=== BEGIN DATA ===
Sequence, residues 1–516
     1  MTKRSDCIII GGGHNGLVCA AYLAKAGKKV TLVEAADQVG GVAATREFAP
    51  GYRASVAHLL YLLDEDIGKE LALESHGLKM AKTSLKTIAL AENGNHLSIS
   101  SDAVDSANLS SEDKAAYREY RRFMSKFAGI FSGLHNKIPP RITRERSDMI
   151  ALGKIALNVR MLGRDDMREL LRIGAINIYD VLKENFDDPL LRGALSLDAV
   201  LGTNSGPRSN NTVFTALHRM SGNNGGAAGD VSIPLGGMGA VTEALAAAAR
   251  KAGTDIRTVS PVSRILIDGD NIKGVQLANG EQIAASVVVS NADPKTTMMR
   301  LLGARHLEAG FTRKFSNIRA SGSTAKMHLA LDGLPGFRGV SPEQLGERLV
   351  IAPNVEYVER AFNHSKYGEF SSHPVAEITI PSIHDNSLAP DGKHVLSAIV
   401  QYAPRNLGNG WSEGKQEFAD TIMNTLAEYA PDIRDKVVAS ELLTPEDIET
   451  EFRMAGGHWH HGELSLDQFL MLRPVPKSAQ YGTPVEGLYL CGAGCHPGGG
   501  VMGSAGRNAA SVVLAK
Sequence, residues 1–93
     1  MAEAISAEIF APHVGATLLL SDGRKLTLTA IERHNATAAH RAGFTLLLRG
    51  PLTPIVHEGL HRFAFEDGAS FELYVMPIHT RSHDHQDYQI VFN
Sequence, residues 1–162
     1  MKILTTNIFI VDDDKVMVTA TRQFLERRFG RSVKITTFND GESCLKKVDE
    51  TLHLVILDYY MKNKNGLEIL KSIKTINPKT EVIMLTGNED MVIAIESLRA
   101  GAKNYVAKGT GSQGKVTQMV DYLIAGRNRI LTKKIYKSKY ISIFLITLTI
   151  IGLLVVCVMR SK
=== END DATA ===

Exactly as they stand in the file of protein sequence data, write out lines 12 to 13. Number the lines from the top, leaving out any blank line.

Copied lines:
   501  VMGSAGRNAA SVVLAK
Sequence, residues 1–93